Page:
Proposed settlement for Quiros in Kingdom Con case

 Ariel Quiros
Ariel Quiros (WCAX)
Published: Nov. 22, 2017 at 1:25 PM EST
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There is a proposed settlement for the man at the center of the Kingdom Con. Jay Peak owner Ariel Quiros has been the focus of a federal lawsuit. Now, we're learning there could soon be a resolution. Word of a settlement came in court documents filed last week in federal court. But there are still a number of steps before anything is official. That means it could be months before we learn the terms of the deal.

The man accused of misusing over $200 million in EB-5 foreign investments could walk away from a federal lawsuit without facing a trial. Now, over a year after that suit was filed by the U.S. Securities and Exchange Commission against Ariel Quiros, its attorneys say: "…the Commission staff and Defendant Ariel Quiros have reached agreement on a proposed settlement of the remaining issues in this action that requires approval by the SEC Commissioners. If the Commissioners approve Quiros' signed settlement agreement, it will end the litigation against Quiros."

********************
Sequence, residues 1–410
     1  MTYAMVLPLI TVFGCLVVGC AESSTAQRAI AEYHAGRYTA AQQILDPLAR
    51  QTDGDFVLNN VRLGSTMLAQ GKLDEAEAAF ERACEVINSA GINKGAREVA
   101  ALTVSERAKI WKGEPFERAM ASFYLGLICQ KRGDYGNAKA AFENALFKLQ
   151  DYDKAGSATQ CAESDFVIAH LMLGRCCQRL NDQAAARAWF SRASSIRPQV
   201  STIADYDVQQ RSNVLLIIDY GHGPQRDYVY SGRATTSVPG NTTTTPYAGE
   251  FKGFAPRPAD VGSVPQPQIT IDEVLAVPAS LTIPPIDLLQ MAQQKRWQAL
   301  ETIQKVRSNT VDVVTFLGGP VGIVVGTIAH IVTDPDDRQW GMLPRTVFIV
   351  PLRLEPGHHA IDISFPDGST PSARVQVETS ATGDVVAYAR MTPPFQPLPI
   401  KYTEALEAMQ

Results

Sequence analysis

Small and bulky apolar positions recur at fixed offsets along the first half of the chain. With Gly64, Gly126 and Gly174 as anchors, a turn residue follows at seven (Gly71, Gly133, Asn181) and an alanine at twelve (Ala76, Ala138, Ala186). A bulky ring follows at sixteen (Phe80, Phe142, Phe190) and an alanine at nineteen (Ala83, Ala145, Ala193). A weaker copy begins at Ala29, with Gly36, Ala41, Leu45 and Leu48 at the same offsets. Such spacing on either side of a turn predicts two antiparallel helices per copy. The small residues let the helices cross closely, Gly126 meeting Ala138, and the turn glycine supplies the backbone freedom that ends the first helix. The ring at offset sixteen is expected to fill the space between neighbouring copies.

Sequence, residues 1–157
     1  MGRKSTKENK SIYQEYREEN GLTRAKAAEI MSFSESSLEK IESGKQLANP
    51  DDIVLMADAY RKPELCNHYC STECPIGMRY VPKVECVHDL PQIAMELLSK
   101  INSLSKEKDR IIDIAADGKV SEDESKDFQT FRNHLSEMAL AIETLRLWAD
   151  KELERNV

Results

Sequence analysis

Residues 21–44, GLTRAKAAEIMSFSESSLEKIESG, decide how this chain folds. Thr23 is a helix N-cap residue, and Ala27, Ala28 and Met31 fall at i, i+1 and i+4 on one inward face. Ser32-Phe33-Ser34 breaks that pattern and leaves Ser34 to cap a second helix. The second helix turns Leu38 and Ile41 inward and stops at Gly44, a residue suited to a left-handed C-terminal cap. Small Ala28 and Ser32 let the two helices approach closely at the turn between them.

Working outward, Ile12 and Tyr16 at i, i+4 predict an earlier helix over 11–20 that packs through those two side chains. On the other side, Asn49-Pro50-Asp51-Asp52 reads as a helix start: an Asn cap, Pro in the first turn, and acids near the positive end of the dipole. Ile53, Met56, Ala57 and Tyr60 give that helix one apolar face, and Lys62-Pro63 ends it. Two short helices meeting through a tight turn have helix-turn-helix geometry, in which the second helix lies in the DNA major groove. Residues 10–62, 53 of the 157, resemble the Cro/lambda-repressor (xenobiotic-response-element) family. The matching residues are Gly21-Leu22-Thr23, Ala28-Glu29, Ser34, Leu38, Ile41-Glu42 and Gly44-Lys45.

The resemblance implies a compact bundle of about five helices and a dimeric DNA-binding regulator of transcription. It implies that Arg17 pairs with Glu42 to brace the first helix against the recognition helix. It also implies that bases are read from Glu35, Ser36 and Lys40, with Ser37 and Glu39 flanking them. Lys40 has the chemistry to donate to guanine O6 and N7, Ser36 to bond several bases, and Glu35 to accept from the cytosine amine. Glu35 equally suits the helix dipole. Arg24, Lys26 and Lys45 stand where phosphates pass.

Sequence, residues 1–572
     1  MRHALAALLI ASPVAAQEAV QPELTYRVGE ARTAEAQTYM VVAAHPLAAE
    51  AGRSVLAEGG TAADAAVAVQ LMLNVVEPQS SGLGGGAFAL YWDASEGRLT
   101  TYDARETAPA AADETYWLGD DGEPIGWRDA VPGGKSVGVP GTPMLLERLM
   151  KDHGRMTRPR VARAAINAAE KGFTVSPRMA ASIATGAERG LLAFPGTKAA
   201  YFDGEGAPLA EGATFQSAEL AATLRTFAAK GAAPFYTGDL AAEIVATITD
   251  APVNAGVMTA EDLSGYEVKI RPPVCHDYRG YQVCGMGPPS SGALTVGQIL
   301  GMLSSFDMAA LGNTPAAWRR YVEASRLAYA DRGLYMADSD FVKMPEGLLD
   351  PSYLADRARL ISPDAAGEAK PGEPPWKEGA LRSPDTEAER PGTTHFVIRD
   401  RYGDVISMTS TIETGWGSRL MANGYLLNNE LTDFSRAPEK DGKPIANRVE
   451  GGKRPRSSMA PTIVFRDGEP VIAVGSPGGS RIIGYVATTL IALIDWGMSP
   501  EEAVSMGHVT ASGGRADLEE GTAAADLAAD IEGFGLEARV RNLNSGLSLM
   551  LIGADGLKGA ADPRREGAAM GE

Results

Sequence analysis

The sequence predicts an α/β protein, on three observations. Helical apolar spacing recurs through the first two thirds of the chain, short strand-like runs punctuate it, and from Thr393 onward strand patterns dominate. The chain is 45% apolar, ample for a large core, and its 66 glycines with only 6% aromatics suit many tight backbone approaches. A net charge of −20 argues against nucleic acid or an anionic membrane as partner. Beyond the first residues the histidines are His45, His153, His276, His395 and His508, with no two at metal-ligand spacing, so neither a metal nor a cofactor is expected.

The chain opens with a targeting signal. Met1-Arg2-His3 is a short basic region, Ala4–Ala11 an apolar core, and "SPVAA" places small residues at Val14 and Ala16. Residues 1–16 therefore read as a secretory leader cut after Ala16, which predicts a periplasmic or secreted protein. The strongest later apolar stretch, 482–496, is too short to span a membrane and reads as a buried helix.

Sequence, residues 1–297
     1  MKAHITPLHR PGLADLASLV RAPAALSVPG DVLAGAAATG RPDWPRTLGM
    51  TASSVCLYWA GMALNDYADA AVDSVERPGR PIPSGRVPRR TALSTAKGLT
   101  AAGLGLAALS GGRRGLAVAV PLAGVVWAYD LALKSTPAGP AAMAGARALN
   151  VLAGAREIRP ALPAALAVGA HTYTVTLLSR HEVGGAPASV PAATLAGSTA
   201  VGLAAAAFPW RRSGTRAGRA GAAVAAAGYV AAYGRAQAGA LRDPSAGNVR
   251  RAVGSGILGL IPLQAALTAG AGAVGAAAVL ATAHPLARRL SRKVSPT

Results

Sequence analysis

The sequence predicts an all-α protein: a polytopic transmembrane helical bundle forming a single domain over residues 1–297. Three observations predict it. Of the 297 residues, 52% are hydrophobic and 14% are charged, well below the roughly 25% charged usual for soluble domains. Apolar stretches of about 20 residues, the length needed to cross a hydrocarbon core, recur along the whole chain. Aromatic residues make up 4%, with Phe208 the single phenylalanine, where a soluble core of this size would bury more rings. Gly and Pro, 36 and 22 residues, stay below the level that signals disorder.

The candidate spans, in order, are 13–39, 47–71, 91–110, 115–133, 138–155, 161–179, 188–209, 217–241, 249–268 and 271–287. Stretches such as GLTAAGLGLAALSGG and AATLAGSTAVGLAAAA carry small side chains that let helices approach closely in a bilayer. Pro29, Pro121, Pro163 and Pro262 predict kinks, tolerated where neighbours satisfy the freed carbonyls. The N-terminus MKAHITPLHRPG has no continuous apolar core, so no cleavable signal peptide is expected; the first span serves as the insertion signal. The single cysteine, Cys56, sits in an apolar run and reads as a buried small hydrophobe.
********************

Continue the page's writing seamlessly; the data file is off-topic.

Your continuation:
"We've been in communication with them about their proposed settlement and are familiar with the details," said Mike Pieciak, the commissioner of the Vermont Department of Financial Regulation.

The state of Vermont is also suing Quiros.

"In our complaint, we allege that he stole approximately $50 million-$60 million, so you want to see that is accounted for," Pieciak said.

While Pieciak wouldn't comment on specifics related to the federal settlement, he says, in general, they bring a faster resolution, use up fewer resources and come with a guaranteed outcome.

"Although we think we have a strong case, you don't know what would happen if it went to a hearing or to trial. So here, you would have certainty on both sides," Pieciak said.

The SEC settled a separate case with Quiros' partner, Jay Peak President Bill Stenger, last year. A state civil case against him is also still pending and both continue to be under the microscope of criminal investigations.

"What we can accomplish on the civil side is financial accountability," Pieciak said.

The SEC has up to 90 days to sign off on the deal. Then it must be approved by a judge.

We reached out to Quiros' attorney, as well as lawyers representing the Securities and Exchange Commission. None of them returned our requests for comment before this story was published.